Korea’s Biostar Stem Cell Research Institute said on Aug. 28 it plans to commercialize its stem cell-based therapy for osteoarthritis patients in December that helps to repair damaged joints.
The drug candidate JointStem is an injection designed to be administrated into the glenoid cavity of patients with severe degenerative arthritis to renew their cartilage, alleviate pain, and improve joint functions.
“In the clinical trials in Korea and the United States, we found significant improvement for over 90 percent of participants’ conditions,” Ra Jeong-chan, a director at Biostar Stem Cell Research Institute, co-operated by biotech companies Nature Cell and R-Bio, said during a press conference held in Seoul.
Osteoarthritis is the most common chronic condition of the joints, affecting approximately 2.5 million Koreans. The drug candidate could offer non-surgical alternative to patients with severe conditions who are required to replace damaged joints with artificial ones.
Nature Cell, headed by Ra, is awaiting the Ministry of Food and Drug Safety’s decision for conditional approval of the drug, which completed phase 2 clinical trials here. It plans to launch the therapy in the US by 2021 after completing phase 3 clinical studies.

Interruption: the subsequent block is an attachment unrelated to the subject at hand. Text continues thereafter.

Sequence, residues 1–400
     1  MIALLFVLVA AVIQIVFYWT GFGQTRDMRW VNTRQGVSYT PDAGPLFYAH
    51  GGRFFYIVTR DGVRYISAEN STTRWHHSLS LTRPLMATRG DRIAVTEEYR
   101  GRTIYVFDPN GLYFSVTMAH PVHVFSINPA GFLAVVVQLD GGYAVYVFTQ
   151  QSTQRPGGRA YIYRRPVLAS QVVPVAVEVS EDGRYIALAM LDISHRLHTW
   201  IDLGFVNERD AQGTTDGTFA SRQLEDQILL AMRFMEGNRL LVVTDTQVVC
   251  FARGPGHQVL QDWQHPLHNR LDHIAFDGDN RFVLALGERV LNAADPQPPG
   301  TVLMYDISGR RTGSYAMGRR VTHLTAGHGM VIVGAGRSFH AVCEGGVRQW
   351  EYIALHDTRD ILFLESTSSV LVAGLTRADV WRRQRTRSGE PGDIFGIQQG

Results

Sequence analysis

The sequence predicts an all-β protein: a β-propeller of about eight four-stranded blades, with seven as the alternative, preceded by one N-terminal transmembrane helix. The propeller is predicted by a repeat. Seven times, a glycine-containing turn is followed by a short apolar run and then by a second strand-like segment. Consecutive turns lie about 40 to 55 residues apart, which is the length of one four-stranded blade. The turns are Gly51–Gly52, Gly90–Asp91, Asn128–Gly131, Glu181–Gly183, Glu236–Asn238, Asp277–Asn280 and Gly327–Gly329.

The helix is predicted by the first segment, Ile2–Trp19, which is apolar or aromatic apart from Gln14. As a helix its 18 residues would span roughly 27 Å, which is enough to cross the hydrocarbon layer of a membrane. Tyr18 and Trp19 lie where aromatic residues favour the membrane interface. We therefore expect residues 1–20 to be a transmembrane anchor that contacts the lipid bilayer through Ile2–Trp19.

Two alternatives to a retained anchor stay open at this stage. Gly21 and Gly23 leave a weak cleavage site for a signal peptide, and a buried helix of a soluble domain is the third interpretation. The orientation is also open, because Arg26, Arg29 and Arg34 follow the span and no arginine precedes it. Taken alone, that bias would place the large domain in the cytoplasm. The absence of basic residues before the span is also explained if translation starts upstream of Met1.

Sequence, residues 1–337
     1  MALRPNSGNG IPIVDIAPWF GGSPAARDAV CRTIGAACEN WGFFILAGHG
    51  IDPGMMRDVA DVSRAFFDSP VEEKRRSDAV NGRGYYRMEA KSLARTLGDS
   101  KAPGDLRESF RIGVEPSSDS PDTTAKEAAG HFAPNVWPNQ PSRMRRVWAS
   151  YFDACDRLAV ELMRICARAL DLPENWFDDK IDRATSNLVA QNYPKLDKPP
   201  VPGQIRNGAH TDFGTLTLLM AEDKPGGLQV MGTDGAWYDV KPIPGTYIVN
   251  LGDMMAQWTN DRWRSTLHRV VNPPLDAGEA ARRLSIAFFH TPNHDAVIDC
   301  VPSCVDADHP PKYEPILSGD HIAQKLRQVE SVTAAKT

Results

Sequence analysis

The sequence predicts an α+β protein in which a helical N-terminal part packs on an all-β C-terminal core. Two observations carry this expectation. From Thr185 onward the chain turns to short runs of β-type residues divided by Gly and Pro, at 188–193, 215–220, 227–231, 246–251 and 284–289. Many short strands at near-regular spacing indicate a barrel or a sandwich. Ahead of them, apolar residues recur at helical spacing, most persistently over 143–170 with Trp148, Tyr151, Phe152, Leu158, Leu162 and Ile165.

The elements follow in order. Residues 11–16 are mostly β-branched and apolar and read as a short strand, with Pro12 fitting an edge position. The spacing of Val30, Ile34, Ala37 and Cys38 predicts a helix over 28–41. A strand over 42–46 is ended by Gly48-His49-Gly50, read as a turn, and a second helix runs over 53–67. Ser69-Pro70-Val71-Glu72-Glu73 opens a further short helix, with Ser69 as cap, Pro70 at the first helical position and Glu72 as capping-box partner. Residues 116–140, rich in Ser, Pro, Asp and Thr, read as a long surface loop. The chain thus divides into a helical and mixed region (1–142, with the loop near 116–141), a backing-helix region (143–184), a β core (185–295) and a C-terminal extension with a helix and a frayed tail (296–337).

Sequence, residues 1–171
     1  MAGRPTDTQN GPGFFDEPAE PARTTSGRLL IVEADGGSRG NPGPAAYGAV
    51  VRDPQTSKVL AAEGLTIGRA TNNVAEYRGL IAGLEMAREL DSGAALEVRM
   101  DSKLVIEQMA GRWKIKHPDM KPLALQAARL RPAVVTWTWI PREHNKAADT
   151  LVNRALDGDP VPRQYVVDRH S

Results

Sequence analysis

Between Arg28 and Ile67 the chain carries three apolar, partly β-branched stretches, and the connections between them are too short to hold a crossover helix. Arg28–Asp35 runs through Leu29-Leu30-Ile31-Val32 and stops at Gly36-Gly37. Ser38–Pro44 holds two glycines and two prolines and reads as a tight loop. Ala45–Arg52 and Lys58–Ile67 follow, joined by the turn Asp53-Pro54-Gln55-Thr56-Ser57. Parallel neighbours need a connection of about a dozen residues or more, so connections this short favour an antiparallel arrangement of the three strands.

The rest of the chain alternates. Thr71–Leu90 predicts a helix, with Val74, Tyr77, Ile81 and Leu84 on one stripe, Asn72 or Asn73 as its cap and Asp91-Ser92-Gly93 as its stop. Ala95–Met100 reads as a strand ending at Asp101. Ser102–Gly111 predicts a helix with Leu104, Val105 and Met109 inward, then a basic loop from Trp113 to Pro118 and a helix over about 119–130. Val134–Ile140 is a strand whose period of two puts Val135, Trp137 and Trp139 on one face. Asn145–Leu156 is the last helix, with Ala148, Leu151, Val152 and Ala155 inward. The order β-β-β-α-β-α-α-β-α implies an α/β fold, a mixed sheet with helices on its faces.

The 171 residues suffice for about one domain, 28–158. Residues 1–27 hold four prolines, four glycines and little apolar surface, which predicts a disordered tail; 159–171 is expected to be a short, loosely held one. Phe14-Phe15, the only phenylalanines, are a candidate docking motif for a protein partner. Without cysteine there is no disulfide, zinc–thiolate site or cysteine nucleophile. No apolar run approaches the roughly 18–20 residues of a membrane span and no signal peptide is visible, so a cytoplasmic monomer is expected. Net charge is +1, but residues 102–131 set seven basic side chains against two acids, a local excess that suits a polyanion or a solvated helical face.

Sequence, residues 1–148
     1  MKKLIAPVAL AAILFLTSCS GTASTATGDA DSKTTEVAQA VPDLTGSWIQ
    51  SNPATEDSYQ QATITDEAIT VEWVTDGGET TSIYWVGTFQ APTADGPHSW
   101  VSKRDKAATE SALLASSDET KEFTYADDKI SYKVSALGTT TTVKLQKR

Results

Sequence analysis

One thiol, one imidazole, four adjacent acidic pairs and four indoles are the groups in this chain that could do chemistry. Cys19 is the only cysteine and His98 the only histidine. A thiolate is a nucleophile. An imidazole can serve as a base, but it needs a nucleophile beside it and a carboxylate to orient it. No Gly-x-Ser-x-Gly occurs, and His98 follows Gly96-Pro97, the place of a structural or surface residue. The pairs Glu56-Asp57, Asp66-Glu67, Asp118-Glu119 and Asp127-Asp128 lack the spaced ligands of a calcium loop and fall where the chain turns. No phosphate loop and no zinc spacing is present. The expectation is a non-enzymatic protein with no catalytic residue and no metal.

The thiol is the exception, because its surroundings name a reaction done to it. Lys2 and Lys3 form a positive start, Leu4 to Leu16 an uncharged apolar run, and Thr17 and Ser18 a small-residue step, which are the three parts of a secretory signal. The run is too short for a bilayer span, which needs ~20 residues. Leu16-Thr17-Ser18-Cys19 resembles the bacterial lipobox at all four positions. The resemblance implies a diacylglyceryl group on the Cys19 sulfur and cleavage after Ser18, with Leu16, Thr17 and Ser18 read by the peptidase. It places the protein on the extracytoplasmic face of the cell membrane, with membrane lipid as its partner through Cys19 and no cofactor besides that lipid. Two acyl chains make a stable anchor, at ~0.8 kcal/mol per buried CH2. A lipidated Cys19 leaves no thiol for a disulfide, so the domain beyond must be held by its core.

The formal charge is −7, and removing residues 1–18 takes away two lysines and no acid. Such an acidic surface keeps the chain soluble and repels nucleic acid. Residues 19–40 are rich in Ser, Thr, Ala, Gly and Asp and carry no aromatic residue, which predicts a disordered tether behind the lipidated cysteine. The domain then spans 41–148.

Generally, medicines can only be authorized after phase 3 of clinical trials, but in Korea and Japan, some proposed drugs, including rare disease treatments and severe irreversible diseases, can receive conditional marketing approval even without the last stage studies.
In the clinical trials conducted at Boramae Hospital in Seoul for the last two years, a total of 15 patients who were treated with 100 million autologous stem cells showed statistically significant improvement in knee function, pain and quality of life assessment, Ra said.
By Park Han-na (email@example.com)